May 29, 2014 by holliebleau
Nerve damage may result from high blood sugar levels. Peripheral diabetic neuropathy causes symptoms such as tingling, pain and numbness in the hands, feet and skin, along with weakness. Autonomic diabetic neuropathy can cause the intestines to stop working correctly and can also result in loss of urinary control, loss of sexual function and changes in the ability of the body to sweat. The development of diabetic neuropathy may include loss of the nervous system’s ability to recognize warning signs of low blood glucose levels, heart attack and injury to the feet due to loss of sensation. Eyes
Remember, the best way to prevent diabetes foot problems is to maintain proper foot health through daily checking of your feet, following good hygiene habits and selecting proper footwear and fit. Improving the circulation in your feet through routine exercise and fitness will also help prevent diabetic complications of the feet. Diabetes complications include nerve damage and poor blood circulation. These problems make the feet vulnerable to skin sores (ulcers) that can worsen quickly and are difficult to treat. Proper diabetes management and careful foot care can help prevent foot ulcers.
Make physical activity a part of your daily life. Go on walks, ride a bike, or garden. Try dancing or swimming, or simply stay active by doing work around the house. Try different activities and look for ways to increase physical activity in your everyday life. Try to get some sort of exercise every day for at least 30 minutes. If you are new to exercising, start slowly and gradually increase the amount and intensity of your exercise. Add sugar as desired (as much or as little as you want depending on how well you want it to exfoliate). Stir
Both Type 1 and Type 2 diabetes can cause long term nerve damage, heart disease, blindness, kidney failure, and deterioration of blood vessels. Many times poor circulation plays a key role in the health problems diabetics’ face. This poor circulation is why there are so many feet and leg amputations in diabetics, along with infections and inflammations. Wash your feet everyday with warm water. Pat them dry, gently, and do a thorough inspection for sores or changes in color. Clean pairs of socks everyday. The socks or stockings should fit well and should not be very tight. Avoid wearing knee-high stockings because they may decrease blood flow to the legs.
The medical term used to describe burning feet sensation is Grierson-Gopalan syndrome. When the burning sensation turns severe, it starts stinging on the feet. It gives rise to reddening and excessive swelling of the feet, and also painful feet. These symptoms are felt on the sole area of the feet, but in some rare cases it may get extended to the ankles and the calves as well. Though it occurs commonly in people who are above the age of 50, it may also be found in many women in the age group of 25 to 45.
Promote circulation to your foot – You can help blood flow more easily to your foot by putting up your feet while sitting. (Putting up your feet while standing isn’t likely to work well.) You can also try little foot exercises like wiggling your toes and moving your foot up and down at the ankle for five minutes at a time. Try doing this about two or three times a day. Burning, tingling, and numbness in your toes and feet may be the first signs of diabetes. Peripheral neuropathy is a dysfunction of nerves and is commonly seen in the hands and feet.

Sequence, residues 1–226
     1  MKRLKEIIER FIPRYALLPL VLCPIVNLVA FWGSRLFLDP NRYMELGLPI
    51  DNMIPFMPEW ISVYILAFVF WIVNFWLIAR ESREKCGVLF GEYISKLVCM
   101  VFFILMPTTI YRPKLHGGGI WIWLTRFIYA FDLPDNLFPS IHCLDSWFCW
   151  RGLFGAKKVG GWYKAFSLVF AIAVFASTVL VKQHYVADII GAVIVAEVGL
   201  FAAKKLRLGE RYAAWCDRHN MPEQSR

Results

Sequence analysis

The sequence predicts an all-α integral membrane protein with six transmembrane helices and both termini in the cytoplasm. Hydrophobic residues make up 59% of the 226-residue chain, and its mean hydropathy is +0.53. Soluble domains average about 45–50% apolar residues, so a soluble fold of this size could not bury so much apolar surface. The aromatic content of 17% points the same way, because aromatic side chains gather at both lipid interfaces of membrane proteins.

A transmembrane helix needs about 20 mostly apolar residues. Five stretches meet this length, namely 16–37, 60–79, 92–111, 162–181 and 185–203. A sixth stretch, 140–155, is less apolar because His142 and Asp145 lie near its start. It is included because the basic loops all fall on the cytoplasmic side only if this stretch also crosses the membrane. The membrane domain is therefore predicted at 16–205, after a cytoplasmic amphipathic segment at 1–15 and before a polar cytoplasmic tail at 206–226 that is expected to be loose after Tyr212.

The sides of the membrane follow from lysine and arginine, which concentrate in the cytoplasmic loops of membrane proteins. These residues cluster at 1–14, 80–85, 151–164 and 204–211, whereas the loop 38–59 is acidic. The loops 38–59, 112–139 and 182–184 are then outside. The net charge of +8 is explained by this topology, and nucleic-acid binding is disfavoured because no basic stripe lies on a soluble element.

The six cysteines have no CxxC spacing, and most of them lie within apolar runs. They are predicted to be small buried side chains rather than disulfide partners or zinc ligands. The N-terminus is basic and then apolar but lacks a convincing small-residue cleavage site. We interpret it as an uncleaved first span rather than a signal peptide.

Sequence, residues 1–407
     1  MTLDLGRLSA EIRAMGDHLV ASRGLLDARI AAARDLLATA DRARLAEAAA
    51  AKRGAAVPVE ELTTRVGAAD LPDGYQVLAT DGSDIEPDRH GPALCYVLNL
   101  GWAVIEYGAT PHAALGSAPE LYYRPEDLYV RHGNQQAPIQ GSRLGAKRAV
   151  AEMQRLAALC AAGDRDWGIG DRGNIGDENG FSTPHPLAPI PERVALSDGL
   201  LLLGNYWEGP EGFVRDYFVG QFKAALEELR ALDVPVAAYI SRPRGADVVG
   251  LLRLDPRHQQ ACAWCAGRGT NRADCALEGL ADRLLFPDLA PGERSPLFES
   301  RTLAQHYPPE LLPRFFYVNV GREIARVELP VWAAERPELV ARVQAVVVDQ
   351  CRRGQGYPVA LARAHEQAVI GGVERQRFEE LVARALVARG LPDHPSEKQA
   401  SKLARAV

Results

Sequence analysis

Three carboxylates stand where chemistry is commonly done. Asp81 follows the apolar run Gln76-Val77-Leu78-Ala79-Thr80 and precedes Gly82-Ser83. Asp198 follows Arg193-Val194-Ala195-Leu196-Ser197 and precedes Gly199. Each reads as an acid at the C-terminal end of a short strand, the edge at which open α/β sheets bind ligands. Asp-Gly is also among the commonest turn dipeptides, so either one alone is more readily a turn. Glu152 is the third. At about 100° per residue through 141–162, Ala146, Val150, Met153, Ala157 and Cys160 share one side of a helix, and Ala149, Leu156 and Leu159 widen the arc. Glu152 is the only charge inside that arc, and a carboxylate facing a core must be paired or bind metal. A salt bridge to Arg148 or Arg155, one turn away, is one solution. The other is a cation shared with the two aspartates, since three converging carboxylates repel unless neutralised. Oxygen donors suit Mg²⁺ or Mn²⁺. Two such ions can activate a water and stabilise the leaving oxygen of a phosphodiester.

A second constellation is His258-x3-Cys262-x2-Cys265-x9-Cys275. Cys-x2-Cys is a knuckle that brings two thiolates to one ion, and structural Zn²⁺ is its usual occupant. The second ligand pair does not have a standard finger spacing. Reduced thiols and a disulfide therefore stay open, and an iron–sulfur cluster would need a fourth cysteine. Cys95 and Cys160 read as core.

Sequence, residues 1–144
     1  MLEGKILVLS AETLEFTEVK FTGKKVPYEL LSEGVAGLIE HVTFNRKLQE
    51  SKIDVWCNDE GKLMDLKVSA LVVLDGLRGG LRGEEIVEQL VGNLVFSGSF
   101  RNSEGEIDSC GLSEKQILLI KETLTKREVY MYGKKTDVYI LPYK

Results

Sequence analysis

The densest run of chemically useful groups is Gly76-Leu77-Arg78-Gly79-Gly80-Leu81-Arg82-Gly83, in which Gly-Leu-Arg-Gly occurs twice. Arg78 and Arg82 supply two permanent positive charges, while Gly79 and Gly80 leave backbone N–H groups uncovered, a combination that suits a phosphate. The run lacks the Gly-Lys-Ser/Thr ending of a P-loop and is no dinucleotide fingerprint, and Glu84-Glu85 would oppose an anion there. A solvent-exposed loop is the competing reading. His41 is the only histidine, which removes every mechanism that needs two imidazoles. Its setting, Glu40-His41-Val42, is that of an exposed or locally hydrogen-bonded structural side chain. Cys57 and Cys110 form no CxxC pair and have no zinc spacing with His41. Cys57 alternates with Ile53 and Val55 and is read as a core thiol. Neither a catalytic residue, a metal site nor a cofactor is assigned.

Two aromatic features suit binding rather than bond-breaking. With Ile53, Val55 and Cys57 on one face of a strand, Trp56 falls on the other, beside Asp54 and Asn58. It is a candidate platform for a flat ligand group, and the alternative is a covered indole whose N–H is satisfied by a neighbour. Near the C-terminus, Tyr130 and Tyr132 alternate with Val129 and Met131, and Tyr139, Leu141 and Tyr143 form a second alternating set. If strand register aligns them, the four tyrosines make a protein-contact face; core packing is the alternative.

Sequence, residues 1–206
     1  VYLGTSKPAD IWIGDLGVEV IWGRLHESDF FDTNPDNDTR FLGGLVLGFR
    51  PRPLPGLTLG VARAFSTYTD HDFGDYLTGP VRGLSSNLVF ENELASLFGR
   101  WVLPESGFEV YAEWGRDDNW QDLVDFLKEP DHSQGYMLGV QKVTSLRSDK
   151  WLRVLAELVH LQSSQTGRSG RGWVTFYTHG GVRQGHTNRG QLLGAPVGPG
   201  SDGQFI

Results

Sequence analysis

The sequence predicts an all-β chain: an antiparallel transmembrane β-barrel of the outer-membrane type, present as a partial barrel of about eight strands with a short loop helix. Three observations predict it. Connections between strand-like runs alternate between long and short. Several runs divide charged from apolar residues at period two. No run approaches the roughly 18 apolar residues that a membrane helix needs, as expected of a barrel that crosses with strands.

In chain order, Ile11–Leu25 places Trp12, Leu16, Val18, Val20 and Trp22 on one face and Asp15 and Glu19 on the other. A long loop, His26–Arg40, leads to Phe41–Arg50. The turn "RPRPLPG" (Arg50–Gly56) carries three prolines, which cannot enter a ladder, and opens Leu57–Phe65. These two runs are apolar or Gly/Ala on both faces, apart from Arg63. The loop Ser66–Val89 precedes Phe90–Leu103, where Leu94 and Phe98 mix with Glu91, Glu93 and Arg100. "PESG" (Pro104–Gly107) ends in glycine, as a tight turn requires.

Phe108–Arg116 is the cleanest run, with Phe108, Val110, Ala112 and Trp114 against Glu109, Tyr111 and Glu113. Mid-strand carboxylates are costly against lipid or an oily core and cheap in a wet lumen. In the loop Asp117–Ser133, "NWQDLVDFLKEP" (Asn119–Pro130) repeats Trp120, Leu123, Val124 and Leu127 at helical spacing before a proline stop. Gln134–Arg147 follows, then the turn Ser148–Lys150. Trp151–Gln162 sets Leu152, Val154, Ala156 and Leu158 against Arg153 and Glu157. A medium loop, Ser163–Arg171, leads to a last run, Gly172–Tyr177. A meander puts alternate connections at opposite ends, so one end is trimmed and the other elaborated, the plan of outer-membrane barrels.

There is a high risk for another amputation. Amputation of a limb is not the end of the diabetic misery. There are strong evidences that a past amputation is a high risk factor for more amputations in the future. The reason is that an amputated limb, the toe for example, or the artificial limb used to replace it, causes misplaced pressure on the foot. Such a situation raises the risk for foot injury that may lead to another amputation. In preparation of any foot/ankle surgery, upper body strengthening is encouraged in order to prepare for crutch/walker use after surgery. What do I need to do the day of surgery?
Ever felt that you do not have sufficient sleep for the past few months? Feeling lethargic and tired practically on most days? Be careful as this could possibly point to diabetes. For no rhyme or reason, I was feeling very tired day in and day out, morning to night. I had 8 hours of sleep, yet when I am at work I find that I do not have sufficient energy to see me through the day. What makes it worse is that usually after lunch, when I have a high carbohydrate intake, I would feel more lethargic and tired.
The UI team created immortalized fat cells for their research because primary fat cells (taken directly from fat tissue) are not very useful for lab experiments. Once the primary cells are grown in a dish, they quickly stop dividing and can’t be used for repeated experiments. In contrast, the immortalized fat cells allow experiments to be repeated multiple times on identical cells ensuring consistent, reproducible results. HealthDay)—The prevalence of diabetic peripheral neuropathy (DPN) is 25.7 percent among youth with type 2 diabetes, and is significantly higher than that seen among youth with type 1 diabetes, according to a study published online Oct. 21 in Diabetes Care